A common explanation to the fact that pigs are widely considered unclean in the Middle East is that they are omnivorous, not discerning between meat or vegetation in their natural dietary habits. The willingness to consume meat sets them apart from most other domesticated animals which are commonly eaten (cows, horses, goats, etc.) who would naturally eat only plants.

The Vietnamese bred pot bellied pigs for meat and lard; however, in the United States they are kept as pets, and there is a stigma on eating them.

A culture-based pork taboo was attributed to Scottish highlanders until approximately 1800.


The book of Leviticus in the Bible classifies the rabbit as unclean because it does not have a split hoof, even though it does chew and reingest partially digested material (often loosely translated "chew the cud" in English). Further possibilities against the consumption of rabbit may also include the phenomenon known as Rabbit Starvation, a form of acute malnutrition caused by excess consumption of any lean meat (specifically rabbit) coupled with a lack of other sources of nutrients. The consumption of rabbit is allowed in Sunni Islam but forbidden for Shia Islam.

Rats and mice

In most Western cultures, rats and mice are considered either unclean vermin or pets and thus unfit for human consumption, traditionally being seen as carriers of plague. However, rats are commonly eaten in rural Thailandmarker, Vietnammarker and other parts of Indochina. Cane rats (Thryonomys swinderianus and Thryonomys gregorianus) and some species of field mice are a rich source of protein in Africa. Bamboo rats are also commonly eaten in the poorer parts of Southeast Asia

In Ghanamarker, Thryonomys swinderianus locally referred to as "Akrantie", "Grasscutter" and (incorrectly) as "Bush rat" is a common food item. The proper common name for this rodent is "Greater Cane Rat", though actually it is not a rat at all and is a close relative of porcupines and guinea pigs that inhabit Africa, south of the Saharan Desert. In 2003, the U.S. barred the import of this and other rodents from Africa because an outbreak at least nine human cases of monkeypox , an illness never before been seen in the Western Hemisphere.

Historically, rats and mice have also been eaten in the West during times of shortage or emergency, such as during the Battle of Vicksburgmarker and the Siege of Paris. Dormice were also domesticated and raised for food in Ancient Rome. In some Asian countries, mice are eaten, and go by the name of vole. In Francemarker, rats bred in the wine stores of Girondemarker were cooked with the fire of broken wine barrels and eaten, dubbed as cooper's entrecôte. In some communities the muskrat (which is not a rat at all) is hunted for its meat (and fur) (e.g. some parts of Flanders); see also under "Fish" for consumption of beaver tails. Nutria, another large rodent, has been hunted or raised for food in the United States.


Snails have been eaten for thousands of years, beginning in the Pleistocene. They are especially abundant in Capsian sites in North Africa but are also found throughout the Mediterranean region in archaeological sites dating between 12,000 and 6,000 years ago.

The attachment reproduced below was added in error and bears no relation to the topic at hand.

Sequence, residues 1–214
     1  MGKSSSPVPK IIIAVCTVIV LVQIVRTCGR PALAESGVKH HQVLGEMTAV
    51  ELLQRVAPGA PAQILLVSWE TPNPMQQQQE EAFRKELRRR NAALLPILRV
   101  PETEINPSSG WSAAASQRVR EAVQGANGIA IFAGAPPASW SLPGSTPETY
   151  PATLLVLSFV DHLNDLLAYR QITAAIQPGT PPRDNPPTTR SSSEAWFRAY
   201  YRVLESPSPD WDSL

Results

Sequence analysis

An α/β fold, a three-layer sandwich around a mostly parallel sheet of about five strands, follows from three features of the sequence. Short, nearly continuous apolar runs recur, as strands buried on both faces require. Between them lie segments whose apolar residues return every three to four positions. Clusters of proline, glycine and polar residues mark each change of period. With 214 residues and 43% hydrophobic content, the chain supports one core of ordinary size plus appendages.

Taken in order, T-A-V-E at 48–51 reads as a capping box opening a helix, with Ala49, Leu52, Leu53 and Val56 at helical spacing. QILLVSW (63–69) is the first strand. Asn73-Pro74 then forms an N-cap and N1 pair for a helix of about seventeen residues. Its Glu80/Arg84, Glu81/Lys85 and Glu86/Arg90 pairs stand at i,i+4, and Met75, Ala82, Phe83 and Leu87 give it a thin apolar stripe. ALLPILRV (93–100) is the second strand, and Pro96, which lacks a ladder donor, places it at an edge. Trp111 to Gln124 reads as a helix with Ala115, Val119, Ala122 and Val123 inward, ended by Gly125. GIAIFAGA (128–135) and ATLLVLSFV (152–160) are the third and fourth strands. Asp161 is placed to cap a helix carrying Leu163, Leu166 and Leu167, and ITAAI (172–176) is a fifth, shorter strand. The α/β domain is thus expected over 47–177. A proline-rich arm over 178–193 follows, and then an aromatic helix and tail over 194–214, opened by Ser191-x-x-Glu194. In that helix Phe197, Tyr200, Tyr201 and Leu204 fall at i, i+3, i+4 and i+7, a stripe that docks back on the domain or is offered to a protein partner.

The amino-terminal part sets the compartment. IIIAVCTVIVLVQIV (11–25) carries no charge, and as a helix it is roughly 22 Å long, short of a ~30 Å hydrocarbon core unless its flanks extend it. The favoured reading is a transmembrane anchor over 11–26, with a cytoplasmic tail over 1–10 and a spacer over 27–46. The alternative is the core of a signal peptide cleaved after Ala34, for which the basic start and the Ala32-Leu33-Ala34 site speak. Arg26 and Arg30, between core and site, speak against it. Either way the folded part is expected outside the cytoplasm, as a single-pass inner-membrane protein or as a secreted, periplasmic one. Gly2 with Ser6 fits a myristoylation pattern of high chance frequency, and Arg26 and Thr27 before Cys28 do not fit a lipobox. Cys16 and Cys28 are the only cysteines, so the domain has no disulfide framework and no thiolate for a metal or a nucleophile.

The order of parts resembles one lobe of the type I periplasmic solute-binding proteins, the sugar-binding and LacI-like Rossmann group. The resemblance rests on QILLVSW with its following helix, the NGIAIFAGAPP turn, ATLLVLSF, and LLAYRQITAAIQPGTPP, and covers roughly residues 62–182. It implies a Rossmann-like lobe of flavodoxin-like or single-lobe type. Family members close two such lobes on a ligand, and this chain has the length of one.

They are also seen as a delicacy in Chinamarker and in several Asian countries along with Francemarker, Greecemarker and other Mediterranean countries. However, in Britain, Ireland, and America, eating them may be seen as disgusting. Some English-speaking commentators have used the French word for snails, escargot, as an alternative word for snails, particularly snails for consumption.

As they are molluscs, snails are not kosher.


In certain versions of Buddhism and Hinduism, vegetables of the onion genus are taboo. Specifically, Chinese Buddhist cuisine traditionally prohibits garlic, Allium chinense, asafoetida, shallot, and Allium victorialis (victory onion or mountain leek), while Kashmiri Brahmins forbid "strong flavored" foods. This encompasses garlic, onion, and spices such as black pepper and chili pepper, believing that pungent flavors on the tongue inflame the baser emotions. In Jainism, any kind of roots are considered taboo, since the process of uprooting causes the organisms associated with the root in the soil to die.

In Yazidism, the eating of lettuce and butter beans is taboo. The Muslim religious teacher and scholar, Falah Hassan Juma, links the sect's belief of evil found in lettuce to its long history of persecution by Muslims and Christians. Historical theory claims one ruthless potentate who controlled the city of Mosulmarker in the 13th century ordered an early Yazidi saint executed. The enthusiastic crowd then pelted the corpse with heads of lettuce.

The followers of Pythagoras were vegetarians (in fact, "Pythagorean" at one time came to mean "vegetarian"); however, their creed prohibited the eating of beans. The reason is unclear: perhaps the flatulence they cause, perhaps as protection from potential favism, but most likely for magico-religious reasons.

Vegetables like broccoli, while not taboo, may be avoided by observant Jews and other religions due to the possibility of insects hiding within the numerous crevices. Likewise, fruits such as blackberries and raspberries are recommended by kashrut agencies to be avoided as they can not be cleaned thoroughly enough without destroying the fruit.